1. Remove the blinkers
The purpose of technology is to bring change for the better, not change for the sake of it. Avoid choosing a product that is more complicated than necessary, by making sure all those involved in the decision-making process look at software in the wider context.
Many HR departments are still heavily reliant on manual systems. By automating tasks, you can reduce admin and free up your team to do more value-added and strategic work. Cost-savings come not just from streamlined processes but from using the software to address specific business issues.
2. Bring the team together
Make a robust business case for the software, by showing how it can positively impact the bottom line. Gather feedback from all necessary parties during implementation, and ensure software requirements are tightly based on this business case.
3. Future-proof the project
Ensure that the software is flexible and configurable enough to grow with the business’ needs. Quiz vendors on product roadmaps and find out how many upgrades can be expected within a specific timeframe. Also ask about strategies for adapting software for regulatory and legislative changes.
4. Consider integration
Next, decide whether the HR software will be a standalone system or integrated with others such as payroll, time and attendance or recruitment programmes. By running such systems from a single database you can save time, eliminate the duplication of data entry and reduce the margin for error.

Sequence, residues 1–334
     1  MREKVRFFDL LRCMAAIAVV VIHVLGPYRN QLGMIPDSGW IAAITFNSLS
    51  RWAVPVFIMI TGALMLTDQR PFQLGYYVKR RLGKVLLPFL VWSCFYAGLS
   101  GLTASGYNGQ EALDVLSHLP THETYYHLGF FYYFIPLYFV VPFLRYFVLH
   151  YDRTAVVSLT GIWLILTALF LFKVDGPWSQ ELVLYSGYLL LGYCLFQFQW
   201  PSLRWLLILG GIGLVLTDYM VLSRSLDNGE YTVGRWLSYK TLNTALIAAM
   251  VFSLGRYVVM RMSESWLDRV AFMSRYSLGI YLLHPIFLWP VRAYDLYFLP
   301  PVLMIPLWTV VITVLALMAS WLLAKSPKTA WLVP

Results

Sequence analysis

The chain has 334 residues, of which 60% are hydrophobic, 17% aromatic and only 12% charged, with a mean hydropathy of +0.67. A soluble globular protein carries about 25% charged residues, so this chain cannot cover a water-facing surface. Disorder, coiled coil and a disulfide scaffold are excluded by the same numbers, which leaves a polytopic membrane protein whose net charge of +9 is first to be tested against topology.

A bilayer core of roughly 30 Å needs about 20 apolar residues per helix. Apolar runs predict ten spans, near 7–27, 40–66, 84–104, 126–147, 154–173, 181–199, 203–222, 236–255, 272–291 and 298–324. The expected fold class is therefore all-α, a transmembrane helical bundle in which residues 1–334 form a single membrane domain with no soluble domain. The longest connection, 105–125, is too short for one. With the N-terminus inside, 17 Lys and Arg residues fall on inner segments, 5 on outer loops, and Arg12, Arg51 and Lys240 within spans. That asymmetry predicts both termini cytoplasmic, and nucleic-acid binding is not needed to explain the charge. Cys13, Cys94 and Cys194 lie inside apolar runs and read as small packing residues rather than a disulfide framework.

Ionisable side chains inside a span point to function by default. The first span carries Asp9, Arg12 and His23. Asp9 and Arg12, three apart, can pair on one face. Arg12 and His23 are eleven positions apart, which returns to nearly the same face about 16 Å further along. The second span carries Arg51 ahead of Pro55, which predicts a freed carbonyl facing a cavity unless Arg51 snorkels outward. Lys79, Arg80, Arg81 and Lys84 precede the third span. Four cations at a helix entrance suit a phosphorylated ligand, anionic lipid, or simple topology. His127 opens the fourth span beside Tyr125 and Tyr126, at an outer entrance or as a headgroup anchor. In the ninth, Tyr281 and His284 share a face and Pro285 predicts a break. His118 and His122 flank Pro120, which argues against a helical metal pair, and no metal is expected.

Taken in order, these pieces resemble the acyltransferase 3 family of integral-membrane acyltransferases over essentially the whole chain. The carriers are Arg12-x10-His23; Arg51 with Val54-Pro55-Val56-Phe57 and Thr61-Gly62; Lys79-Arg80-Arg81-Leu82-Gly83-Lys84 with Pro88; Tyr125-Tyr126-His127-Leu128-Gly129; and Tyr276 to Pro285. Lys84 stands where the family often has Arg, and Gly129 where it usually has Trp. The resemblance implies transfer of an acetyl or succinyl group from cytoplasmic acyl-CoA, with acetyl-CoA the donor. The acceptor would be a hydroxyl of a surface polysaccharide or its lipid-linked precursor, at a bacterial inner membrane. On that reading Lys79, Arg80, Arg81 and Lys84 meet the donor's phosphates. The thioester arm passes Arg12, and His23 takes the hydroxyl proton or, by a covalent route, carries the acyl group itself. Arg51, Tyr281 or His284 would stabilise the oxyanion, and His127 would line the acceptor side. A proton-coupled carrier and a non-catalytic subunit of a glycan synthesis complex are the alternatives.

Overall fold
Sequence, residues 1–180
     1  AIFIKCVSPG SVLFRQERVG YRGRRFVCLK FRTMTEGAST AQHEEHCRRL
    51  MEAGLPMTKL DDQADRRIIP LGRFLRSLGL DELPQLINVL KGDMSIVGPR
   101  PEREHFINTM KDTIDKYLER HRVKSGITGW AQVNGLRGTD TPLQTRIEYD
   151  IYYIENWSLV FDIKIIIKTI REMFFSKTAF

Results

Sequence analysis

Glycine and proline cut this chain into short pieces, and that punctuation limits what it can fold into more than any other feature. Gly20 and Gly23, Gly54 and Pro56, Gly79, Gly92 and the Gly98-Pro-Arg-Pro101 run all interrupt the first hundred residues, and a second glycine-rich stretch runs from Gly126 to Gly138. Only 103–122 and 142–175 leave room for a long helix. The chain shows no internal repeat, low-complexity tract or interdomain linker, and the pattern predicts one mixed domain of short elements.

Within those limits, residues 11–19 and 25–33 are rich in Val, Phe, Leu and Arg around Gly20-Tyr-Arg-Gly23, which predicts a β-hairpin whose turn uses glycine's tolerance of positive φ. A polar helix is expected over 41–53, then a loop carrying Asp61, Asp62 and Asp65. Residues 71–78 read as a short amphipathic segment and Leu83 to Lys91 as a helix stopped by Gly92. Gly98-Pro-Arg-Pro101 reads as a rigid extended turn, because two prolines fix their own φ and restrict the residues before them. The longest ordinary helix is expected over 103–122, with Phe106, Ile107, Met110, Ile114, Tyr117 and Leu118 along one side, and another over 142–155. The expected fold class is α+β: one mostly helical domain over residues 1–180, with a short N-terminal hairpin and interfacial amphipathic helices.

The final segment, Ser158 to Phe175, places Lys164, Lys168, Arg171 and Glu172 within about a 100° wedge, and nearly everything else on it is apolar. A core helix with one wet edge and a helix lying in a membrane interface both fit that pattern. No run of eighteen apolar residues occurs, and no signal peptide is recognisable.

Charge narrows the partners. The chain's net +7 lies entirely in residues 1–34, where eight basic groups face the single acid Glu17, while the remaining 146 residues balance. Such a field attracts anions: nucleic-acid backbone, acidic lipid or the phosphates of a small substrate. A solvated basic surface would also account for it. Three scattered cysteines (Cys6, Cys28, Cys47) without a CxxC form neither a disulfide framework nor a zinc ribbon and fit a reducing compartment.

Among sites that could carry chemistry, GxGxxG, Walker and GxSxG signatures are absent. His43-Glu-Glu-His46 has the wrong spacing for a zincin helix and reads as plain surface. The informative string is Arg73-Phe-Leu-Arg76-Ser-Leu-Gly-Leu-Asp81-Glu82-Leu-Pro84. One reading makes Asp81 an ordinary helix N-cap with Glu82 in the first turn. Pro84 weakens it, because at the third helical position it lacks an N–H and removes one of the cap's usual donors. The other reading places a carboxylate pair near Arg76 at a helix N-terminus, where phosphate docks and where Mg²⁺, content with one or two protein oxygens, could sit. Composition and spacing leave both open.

5. Head for the clouds
Take a hosted or Cloud-based approach. This can make upgrading software and switching on future modules far easier and cheaper than the traditional client-server implementation.
6. Check track records
Ask to visit client reference sites of your shortlist of vendors. Prepare a thorough list of questions and don’t be too shocked if there have been problems – the nature of software implementation means there will inevitably be challenges, and it is more important to learn how the vendor overcame them.
Next, work with your chosen supplier to put together an implementation plan and build a team. Ask the questions: Is it necessary to pilot the system first or run the new system in parallel with the old one? What extra workload will be involved for those operating it and how much time do you need to build in for system training?
HR software – when chosen and installed correctly – has the power to transform and elevate the HR function and help it align its activity more closely to the wider aims of the business. It can only be achieved though if the right criteria are used to select it initially and informed business decisions are made.